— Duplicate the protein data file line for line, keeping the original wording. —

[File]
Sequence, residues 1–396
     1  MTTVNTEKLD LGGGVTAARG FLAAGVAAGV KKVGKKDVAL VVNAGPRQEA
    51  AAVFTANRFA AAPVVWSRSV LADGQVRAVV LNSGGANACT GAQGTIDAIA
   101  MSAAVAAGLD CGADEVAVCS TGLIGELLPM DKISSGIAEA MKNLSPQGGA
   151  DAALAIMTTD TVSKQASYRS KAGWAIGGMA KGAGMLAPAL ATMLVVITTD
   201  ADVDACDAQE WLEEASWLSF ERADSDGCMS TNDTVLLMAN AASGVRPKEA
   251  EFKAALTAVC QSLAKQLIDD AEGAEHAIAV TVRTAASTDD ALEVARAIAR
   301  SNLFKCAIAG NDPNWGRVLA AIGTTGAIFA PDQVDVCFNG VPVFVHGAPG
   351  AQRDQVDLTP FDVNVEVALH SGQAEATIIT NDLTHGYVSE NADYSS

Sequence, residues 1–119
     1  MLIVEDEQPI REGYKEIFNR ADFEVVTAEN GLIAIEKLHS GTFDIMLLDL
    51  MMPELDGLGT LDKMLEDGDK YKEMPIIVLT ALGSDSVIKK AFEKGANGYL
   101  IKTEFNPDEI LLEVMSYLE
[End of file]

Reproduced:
Sequence, residues 1–396
     1  MTTVNTEKLD LGGGVTAARG FLAAGVAAGV KKVGKKDVAL VVNAGPRQEA
    51  AAVFTANRFA AAPVVWSRSV LADGQVRAVV LNSGGANACT GAQGTIDAIA
   101  MSAAVAAGLD CGADEVAVCS TGLIGELLPM DKISSGIAEA MKNLSPQGGA
   151  DAALAIMTTD TVSKQASYRS KAGWAIGGMA KGAGMLAPAL ATMLVVITTD
   201  ADVDACDAQE WLEEASWLSF ERADSDGCMS TNDTVLLMAN AASGVRPKEA
   251  EFKAALTAVC QSLAKQLIDD AEGAEHAIAV TVRTAASTDD ALEVARAIAR
   301  SNLFKCAIAG NDPNWGRVLA AIGTTGAIFA PDQVDVCFNG VPVFVHGAPG
   351  AQRDQVDLTP FDVNVEVALH SGQAEATIIT NDLTHGYVSE NADYSS

Sequence, residues 1–119
     1  MLIVEDEQPI REGYKEIFNR ADFEVVTAEN GLIAIEKLHS GTFDIMLLDL
    51  MMPELDGLGT LDKMLEDGDK YKEMPIIVLT ALGSDSVIKK AFEKGANGYL
   101  IKTEFNPDEI LLEVMSYLE